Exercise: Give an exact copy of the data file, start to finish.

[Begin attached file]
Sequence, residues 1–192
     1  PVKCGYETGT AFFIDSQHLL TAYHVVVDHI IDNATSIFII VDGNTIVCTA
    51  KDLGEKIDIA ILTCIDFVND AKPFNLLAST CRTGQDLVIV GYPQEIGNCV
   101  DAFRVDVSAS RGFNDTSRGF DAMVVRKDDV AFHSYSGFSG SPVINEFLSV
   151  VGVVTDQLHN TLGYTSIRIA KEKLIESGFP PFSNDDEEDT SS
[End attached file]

Sequence, residues 1–192
     1  PVKCGYETGT AFFIDSQHLL TAYHVVVDHI IDNATSIFII VDGNTIVCTA
    51  KDLGEKIDIA ILTCIDFVND AKPFNLLAST CRTGQDLVIV GYPQEIGNCV
   101  DAFRVDVSAS RGFNDTSRGF DAMVVRKDDV AFHSYSGFSG SPVINEFLSV
   151  VGVVTDQLHN TLGYTSIRIA KEKLIESGFP PFSNDDEEDT SS